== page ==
Top 100 Films. 75. The Cowboys (1972)

For every Sunday and Bank Holiday Monday my Dad would have control of the TV. My Dad would watch the stereotypical ‘Dad fare’. He would watch war films and westerns. John Wayne was a constant in the western genre. I had to watch a lot of John Wayne films, some were bad, some were good. There wasn’t many where I would rewatch on my own. However, The Cowboys is one of these films that I have enjoyed on multiple occasions. The Cowboys is an overlooked gem in John Wayne’s filmography.

The Cowboys is about rancher, Will Andersen, played by John Wayne. He had to find new recruits for his planned 400 mile cattle drive as his past crew had set off to find gold.  Andersen comes up with the idea of recruiting several young kids to help him on the cattle drive. Along the way Andersen becomes a paternal figure, teaching the boys how to ride, rope and to be a man. They are also hindered by a group of rustlers who attempt to steal the herd. The young kids must grow up and learn on how to become an adult if they are going to survive the 400 mile trek.

I have seen a lot of John Wayne films but this one always stands out because of the coming of age aspect of the film. The majority of John Wayne films is good American guy, Wayne, will stop bad native american guy. The focus of rampant masculinity is something that never really inspired me and The Cowboys, does have a focus on masculinity because the picture is a lot less clear on how to achieve ‘manhood’.  John Wayne plays a fantastic no-nonsense paternal figure to these group of young kids. It is endearing to see these kids who are fatherless try so hard to get the attention of Andersen. I have seen so many recent criticisms of this film sharing a bad message that you can only be a man through violent acts, however that notion never crossed my mind watching this film. The presence of bravery and family is key throughout and a theme that is central to these characters.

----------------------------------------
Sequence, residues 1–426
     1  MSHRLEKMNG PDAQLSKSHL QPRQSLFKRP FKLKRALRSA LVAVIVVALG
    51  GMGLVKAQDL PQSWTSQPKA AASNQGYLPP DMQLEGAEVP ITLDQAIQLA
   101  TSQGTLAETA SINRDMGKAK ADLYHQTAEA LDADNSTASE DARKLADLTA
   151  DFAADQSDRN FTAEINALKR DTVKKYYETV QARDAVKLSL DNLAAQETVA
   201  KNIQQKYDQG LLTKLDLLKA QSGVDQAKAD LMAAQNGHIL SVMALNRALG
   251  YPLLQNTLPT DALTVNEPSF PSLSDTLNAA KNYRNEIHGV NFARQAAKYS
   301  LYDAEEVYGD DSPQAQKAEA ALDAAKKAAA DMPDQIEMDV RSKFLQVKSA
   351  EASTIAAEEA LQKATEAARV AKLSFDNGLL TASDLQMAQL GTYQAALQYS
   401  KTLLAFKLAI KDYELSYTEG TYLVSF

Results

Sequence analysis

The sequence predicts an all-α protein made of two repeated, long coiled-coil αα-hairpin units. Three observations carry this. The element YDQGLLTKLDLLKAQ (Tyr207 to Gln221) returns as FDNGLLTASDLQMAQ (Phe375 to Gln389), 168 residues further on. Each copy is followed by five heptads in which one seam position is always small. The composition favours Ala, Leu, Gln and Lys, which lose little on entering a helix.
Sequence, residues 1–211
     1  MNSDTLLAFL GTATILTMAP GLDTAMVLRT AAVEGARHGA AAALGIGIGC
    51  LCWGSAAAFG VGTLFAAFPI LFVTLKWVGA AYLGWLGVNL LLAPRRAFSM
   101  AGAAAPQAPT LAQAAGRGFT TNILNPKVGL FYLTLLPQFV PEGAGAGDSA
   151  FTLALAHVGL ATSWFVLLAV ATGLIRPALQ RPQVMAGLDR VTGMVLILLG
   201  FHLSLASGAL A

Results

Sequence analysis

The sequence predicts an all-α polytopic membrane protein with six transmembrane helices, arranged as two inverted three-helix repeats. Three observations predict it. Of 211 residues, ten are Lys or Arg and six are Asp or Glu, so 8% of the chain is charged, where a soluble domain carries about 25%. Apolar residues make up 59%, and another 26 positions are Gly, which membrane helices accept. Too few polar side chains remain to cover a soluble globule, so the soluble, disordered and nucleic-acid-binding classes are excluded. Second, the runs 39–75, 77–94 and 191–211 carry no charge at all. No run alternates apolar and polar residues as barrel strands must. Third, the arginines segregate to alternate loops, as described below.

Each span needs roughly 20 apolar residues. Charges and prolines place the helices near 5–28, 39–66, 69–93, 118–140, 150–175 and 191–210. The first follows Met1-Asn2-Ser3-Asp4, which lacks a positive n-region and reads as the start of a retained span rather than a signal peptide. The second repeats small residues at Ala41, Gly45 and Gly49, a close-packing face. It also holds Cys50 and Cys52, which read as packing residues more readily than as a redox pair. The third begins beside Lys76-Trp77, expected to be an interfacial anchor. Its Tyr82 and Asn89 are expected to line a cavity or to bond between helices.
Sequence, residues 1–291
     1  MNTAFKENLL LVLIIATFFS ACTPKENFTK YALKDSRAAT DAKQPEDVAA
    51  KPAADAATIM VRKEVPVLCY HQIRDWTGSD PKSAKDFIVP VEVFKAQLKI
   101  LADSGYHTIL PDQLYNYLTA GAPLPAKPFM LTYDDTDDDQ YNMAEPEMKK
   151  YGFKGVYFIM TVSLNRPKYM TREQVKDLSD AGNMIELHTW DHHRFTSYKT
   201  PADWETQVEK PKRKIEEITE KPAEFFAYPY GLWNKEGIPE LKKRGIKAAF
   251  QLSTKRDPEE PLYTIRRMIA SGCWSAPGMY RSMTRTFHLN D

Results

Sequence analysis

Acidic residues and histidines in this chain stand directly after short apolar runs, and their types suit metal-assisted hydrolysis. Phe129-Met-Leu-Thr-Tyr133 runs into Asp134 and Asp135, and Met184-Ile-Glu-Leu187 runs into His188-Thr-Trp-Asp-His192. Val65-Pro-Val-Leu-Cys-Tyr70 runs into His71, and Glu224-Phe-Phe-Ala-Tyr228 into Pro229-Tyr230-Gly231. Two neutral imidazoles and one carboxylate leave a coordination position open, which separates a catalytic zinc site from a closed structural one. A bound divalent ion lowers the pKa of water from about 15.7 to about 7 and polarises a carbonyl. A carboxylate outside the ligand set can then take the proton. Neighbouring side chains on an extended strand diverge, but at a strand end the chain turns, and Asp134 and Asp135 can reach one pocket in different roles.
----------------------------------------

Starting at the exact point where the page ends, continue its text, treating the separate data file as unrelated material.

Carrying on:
It is great to see this journey of delinquents grow into respectable young men. It is a very satisfying journey that along the way is met with some harrowing scenes that are bold but really encapsulate the risk of this 400 mile trek. Some of the ideas of being a man maybe outdated but to criticise the film on this notion would be unfair just from the time it was made. I have always enjoyed the coming of age genre, so to mix this with the western genre was always going to be a good concoction.

This is a journey of growth, family and courage. The Cowboys is an overlooked classic and in my opinion, along with True Grit, The Cowboys is John Wayne’s finest performance. For some people John Wayne was a Hollywood paternal figure, a figure of patriotic masculinity. The Cowboys is a perfect example of this cultural role in play. The Cowboys is fun, harrowing, action packed, emotional and a fantastic coming of age drama. So if you are stuck with your Dad on a Sunday and he wants to watch a western, I recommend The Cowboys, you will be pleasantly surprised.



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